Work is okay, but you'd rather be gardening, right? No problem. Here's a way to achieve fuss-free fusion and take care of business and botany simultaneously. Or, if you prefer, here's a streamlined bridge between horticulture and your home. What? You're feeling a little time-challenged? That's where terrariums come to the rescue.
Terrariums make it possible to incorporate growing things into places that aren't exactly conducive — like your dry, lackluster, light-lacking work space or your equally moisture-deficient living room. A closed terrarium becomes a biosphere where humidity is elevated, plants are self-watered and the mini ecosystem just chugs along on autopilot with minimal intervention.
If memories of past terrarium fads are flooding back, rest assured that this manifestation will be minus the macramé. This time around, terrariums have a clean, sparkling demeanor. They're more about bringing nature indoors and less about filling far-out fishbowls. They serve as a segue between outdoors and in. And garden design definitely comes into play — in a drastically reduced landscape. Think of it as Somebody Shrank the Garden. Where the real estate might be less than 6 inches in span, the challenge lies in making it meaningful, as well as mastering the method. Here are some hints:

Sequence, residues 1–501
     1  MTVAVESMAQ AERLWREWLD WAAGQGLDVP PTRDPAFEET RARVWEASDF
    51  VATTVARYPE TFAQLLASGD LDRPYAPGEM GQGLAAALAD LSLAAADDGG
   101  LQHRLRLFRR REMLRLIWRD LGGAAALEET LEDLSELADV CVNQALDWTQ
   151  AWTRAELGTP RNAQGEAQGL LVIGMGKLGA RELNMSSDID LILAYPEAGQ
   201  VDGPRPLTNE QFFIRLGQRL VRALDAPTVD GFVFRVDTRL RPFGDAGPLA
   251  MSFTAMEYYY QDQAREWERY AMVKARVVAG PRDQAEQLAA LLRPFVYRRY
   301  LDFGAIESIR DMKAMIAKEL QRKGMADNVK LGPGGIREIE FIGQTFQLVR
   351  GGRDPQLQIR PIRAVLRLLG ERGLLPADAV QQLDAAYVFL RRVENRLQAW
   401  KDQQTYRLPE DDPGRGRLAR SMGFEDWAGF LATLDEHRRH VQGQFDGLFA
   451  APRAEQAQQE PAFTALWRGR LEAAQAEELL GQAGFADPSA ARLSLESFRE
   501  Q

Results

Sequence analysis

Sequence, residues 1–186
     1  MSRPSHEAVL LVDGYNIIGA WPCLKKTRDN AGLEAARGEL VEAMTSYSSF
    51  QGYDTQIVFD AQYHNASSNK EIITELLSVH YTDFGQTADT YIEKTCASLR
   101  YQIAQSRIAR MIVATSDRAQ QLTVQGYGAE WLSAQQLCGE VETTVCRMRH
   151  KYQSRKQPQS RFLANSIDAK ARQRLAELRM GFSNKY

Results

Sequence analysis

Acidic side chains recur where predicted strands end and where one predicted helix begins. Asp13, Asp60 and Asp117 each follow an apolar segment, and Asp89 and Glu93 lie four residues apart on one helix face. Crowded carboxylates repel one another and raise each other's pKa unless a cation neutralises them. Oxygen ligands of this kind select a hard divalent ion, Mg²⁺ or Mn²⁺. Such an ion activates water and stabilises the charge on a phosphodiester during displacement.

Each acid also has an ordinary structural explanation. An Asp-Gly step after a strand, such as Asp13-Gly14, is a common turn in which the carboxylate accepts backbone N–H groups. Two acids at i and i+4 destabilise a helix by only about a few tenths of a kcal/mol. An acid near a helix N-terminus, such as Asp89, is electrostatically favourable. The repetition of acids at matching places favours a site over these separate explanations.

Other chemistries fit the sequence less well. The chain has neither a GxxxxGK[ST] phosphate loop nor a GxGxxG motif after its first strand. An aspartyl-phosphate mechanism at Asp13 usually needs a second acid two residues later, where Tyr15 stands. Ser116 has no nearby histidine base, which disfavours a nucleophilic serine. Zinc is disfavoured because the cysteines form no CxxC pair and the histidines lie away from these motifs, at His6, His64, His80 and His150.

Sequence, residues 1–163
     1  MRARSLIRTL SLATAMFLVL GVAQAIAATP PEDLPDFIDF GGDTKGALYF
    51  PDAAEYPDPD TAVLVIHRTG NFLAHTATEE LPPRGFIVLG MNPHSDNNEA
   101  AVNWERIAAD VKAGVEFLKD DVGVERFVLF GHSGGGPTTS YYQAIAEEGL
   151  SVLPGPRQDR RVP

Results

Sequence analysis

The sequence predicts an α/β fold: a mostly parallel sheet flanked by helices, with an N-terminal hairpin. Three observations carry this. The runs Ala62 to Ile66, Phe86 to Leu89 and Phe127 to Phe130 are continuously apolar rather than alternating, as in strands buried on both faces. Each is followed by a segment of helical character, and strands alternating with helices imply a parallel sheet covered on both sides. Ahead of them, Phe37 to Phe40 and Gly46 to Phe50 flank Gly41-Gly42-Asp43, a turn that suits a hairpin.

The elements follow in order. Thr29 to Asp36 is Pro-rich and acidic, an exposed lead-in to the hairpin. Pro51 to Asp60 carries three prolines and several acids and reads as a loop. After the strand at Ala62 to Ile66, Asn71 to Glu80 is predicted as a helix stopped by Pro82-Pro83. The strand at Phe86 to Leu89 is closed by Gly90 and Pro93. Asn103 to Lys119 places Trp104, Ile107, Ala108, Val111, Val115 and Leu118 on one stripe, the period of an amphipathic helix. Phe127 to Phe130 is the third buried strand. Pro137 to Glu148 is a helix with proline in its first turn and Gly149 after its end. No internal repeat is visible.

- Find a suitable receptacle. Start by accessing your attic and digging out that stray vase, canning jar, apothecary jar, candy dish, cookie jar or whatever (I recently gave a glass teapot a second career). Almost anything works. If you can get your hands in the mouth of whatever you're planning to use, it will make it easier. A lid makes the environment lower-maintenance. But even if the venue doesn't come with a top, you can always balance a glass plate. Or leave the container open and check it for moisture more often.
- Select appropriate plants. They should be compact, humidity-loving and low-light compatible. Ferns and mosses are particularly apropos, as well as orchids, bromeliads and a host of other easy-to-find houseplants.
- Avoid cactuses, succulents and most herbs (mints are okay) — anything that prefers bright light and low humidity.
- Use pebbles and charcoal for the base layer to encourage drainage, and always wear gloves when working with ingredients.
- For a planting medium, select a light, humus-soil potting mix.
- Let those creative juices flow when designing a terrarium, employing all the same tenets that come into play outdoors. Mix textures, add a small orb, marble or faux mushroom to serve as a complement. Think color, think balance and unleash your inner landscape architect.
- Firm the plants in when you plant them, just as you would in the garden bed, and water your terrarium very lightly after planting.
- Close 'er up and watch the biosphere swing into action.
- Place your terrarium in indirect light. Full sun can fry the contents — with the same sizzle as a closed car on a sunny day.
- Every 10 days or so, give the terrarium a little fresh air. Open the lid for half a day, then close it up again. If no condensation appears after closing, add a very small amount of water.
It's simple, it's fun, it's creative and it can change your world.